Lawmakers near deal on highway funding

Lawmakers near deal on highway funding
© Greg Nash

Lawmakers are expected to unveil a compromise highway bill on Tuesday in an attempt to prevent a highway-funding shutdown, with federal transportation spending currently set to expire on Dec. 4. 

Lawmakers are scrambling to finish negotiations on a bicameral multiyear transportation funding bill to provide enough time for both chambers to consider a deal by Friday to prevent an infrastructure spending interruption.

GOP aides in the House said an announcement of such an agreement is likely to take place on Tuesday afternoon. 

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The Department of Transportation has warned that it will have to stop making payments to state and local governments for infrastructure projects if Congress does not reach an agreement on at least another temporary road funding extension. 

The multiyear highway bill that lawmakers are finishing work on would be the first transportation funding legislation to last longer than two years since 2005. 

The talks began after the House passed a bill to spend up to $325 billion on transportation projects over the next six years. 

But that approach differs from a six-year bill approved by the Senate over the summer. House lawmakers had rejected the Senate bill, which authorizes funding for six years but only pays for three years of spending.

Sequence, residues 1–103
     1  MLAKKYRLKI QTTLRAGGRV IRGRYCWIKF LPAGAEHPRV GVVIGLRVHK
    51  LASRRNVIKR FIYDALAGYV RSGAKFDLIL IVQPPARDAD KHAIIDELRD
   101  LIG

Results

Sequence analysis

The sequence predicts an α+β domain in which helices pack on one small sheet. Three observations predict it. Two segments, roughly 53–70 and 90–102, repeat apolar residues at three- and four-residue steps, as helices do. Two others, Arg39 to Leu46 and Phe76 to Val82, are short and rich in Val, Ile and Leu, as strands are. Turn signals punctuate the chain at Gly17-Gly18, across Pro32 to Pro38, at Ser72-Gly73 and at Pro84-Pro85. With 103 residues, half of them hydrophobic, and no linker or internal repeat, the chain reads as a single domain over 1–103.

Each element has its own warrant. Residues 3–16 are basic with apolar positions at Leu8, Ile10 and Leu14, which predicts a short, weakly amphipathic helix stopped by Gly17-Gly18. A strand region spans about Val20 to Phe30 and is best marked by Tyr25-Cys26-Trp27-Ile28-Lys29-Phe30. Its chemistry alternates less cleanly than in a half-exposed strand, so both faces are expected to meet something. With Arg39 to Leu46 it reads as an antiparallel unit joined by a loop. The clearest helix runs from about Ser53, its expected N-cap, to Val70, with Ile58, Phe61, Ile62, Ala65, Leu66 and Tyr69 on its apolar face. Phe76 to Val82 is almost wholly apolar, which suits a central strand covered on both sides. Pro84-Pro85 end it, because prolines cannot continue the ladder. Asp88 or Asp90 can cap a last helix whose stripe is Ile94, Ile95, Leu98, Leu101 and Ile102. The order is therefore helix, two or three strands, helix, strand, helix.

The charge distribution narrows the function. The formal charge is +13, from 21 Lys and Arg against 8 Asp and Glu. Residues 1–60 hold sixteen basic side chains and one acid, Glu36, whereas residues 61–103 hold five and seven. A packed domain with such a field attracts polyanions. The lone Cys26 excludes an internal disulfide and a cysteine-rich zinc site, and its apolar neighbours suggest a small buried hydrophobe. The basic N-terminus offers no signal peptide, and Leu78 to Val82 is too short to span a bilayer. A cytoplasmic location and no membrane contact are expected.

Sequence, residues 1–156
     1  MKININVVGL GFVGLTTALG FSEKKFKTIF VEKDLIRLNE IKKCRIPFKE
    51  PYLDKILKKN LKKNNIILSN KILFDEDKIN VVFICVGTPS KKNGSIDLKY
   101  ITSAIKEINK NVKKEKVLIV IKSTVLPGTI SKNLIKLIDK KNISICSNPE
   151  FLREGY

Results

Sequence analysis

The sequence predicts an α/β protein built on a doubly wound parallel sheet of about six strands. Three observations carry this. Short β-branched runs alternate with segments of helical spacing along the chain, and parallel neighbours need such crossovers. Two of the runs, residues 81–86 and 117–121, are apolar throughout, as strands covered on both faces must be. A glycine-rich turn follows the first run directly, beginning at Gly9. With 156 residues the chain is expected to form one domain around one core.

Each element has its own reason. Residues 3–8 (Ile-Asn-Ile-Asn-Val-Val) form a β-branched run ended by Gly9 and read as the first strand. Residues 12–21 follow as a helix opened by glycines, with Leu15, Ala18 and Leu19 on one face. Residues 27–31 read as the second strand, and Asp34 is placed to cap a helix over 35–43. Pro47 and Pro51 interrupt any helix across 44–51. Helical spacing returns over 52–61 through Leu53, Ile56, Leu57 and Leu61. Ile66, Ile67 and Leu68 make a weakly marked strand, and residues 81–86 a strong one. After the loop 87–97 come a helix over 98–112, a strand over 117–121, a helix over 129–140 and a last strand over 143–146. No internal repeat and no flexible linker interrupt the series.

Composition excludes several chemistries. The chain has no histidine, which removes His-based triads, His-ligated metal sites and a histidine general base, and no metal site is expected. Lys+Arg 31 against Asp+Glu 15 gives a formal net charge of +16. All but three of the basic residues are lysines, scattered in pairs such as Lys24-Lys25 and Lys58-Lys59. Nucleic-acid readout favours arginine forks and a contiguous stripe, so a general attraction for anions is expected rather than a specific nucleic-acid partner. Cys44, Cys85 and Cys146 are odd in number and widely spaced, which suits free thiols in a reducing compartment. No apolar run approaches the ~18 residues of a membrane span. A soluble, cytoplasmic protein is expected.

Lawmakers have passed a series of temporary extensions of federal highway funding in recent years, much to the chagrin of transportation advocates who complain that it is difficult for states to complete large construction projects on patchwork funding measures.

Congress has been struggling for years to come up with a way to pay for a long-term transportation funding extension. 

The traditional source for transportation funding is revenue collected by the federal gas tax, which is currently set at 18.4 cents per gallon. The federal government spends about $50 billion per year on roads, but the gas tax take only brings in $34 billion annually. 

Congress has turned to other areas of the federal budget to close the gap, and lawmakers on the committee negotiating a potential compromise on the the highway bill are working to identify a set of offsets for the new multiyear transportation bill before it can move forward.

The Congressional Budget Office has estimated it will take about $100 billion, in addition to the annual gas tax revenue, to pay for a six-year transportation funding bill.

Transportation advocates have suggested shortening the length of the measure to four or five years to bring the costs down.